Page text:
The Mind in the Cave - Consciousness and the Origins of Art, David Lewis - Williams

This is the deep and abiding mystery which makes this art and these objects so fascinating. The gap created forces us to use our own imaginations just as they once did. I recently read Alan Garner's novel Boneland where he explores just this mystery. The book is set both in the present and in the very deep past.

'He cut the veil from the rock, the hooves clattered the bellowing waters below him in the dark. The lamp brough the moon from the blade the bull from the rock. The ice rang.

He took life in his mouth, spat red over his hand on the cave wall. The bull roared. Around, above him, the trample of the beasts answered, the stags, the hinds, the horses, the bulls, and the trace of old dreams.'
Boneland, Alan Garner

I like the idea of 'cutting the veil', of capturing the essence of something, it's inner core and meaning, and thus penetrating the separation of the spirit realm from the real world.

For me, the most enigmatic, mysterious, awesome object of all was probably owned by a shaman. It was found buried with him along with other objects which suggested his role and status. It is an articulated male figure, a puppet made from mammoth ivory, 27,000 years old. Once one realises that it would probably have been used to create a shadow play on the walls of a cave, one begins to sense something of its true meaning and power.




I was reminded of the allegory of  Plato's Cave.

 Perhaps these ancient peoples had more humility in the face of the mysteries and meaning of life than we have today. 

The idea of continuity and kinship, rather than separation and difference are key to understanding this art, its meaning and purpose. Here are the thoughts and reflections of the first people to enter the Chauvet Cave in the Ardeche, France.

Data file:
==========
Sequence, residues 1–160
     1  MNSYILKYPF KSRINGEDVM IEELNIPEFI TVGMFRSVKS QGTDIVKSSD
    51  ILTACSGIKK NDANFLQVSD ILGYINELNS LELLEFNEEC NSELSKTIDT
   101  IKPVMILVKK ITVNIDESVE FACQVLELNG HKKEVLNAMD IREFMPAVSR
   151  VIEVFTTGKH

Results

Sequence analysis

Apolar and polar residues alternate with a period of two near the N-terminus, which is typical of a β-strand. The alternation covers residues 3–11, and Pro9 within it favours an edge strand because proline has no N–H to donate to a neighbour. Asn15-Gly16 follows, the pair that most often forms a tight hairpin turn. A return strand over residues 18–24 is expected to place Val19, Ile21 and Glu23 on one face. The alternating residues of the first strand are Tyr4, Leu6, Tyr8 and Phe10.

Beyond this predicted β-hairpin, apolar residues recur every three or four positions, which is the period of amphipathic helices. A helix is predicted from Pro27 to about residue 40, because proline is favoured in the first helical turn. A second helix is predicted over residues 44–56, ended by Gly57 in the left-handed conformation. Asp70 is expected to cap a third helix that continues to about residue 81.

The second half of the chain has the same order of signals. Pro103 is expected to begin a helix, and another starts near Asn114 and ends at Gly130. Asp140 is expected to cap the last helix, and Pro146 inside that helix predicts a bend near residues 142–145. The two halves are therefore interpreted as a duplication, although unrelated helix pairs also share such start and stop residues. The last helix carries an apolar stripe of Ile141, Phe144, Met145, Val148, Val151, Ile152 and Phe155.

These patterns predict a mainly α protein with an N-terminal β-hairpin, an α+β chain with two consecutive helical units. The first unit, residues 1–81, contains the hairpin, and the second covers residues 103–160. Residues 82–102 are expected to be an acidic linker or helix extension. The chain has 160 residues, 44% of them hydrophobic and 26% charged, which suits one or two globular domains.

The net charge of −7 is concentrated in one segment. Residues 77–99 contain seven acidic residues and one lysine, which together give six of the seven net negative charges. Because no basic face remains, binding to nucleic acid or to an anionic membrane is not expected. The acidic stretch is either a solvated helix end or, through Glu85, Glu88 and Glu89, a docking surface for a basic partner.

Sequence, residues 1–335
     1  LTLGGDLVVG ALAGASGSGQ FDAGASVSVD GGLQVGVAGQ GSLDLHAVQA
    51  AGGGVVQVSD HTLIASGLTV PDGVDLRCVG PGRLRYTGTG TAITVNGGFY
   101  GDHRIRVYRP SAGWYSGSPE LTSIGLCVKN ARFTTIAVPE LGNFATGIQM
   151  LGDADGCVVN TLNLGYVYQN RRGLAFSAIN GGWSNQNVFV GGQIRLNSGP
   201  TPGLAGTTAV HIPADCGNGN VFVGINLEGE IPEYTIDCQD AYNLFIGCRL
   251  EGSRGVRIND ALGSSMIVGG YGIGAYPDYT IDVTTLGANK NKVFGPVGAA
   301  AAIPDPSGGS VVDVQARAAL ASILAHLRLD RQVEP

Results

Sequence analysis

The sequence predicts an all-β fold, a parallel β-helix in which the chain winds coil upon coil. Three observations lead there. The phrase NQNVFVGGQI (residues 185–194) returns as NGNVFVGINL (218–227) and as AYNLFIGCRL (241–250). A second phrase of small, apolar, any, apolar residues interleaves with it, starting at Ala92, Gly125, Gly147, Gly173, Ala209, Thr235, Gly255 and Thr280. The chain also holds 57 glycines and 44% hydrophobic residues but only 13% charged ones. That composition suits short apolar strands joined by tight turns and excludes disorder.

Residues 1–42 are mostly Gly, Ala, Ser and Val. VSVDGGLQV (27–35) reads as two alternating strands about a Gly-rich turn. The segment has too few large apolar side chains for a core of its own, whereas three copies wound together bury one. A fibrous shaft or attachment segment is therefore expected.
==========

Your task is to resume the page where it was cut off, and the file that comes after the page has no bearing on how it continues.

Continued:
'Alone in that vastness, lit by the feeble beam of our lamps, we were seized by a strange feeling. Everything was so beautiful, so fresh, almost too much so. Time was abolished, as if the tens of thousands of years that separated us from the producers of these paintings no longer existed. ... Suddenly we felt like intruders. Deeply impressed, we were weighed down by the feeling that we were not alone; the artists souls and spirits surrounded us. We thought we could feel their presence; we were disturbing them.'

The Mind in the Cave - Consciousness and the Origins of Art, David Lewis - Williams

Celia Rees

www.celiarees.com


15 comments:

adele said...

Off out but will tweet this fascinating post later, Celia and also send link to Sally Prue whose wonderful novel SONG HUNTER is just out! She'll be very interested to read it!

Joan Lennon said...

I watched the TV programme about the exhibition the other day and wished, yet again, that someone would move London north about 500 miles!

Thank you for this wonderful post and photographs.

Marie-Louise Jensen said...

Fascinating! I'm going to London next week, I shall have to see if I can't fit in a visit.

Celia Rees said...

Always good to prompt visits, Marie-Louise. It's well worth it. I saw Sally Prue's book for sale in the shop, Adele. Was chuffed for her.

Ann Turnbull said...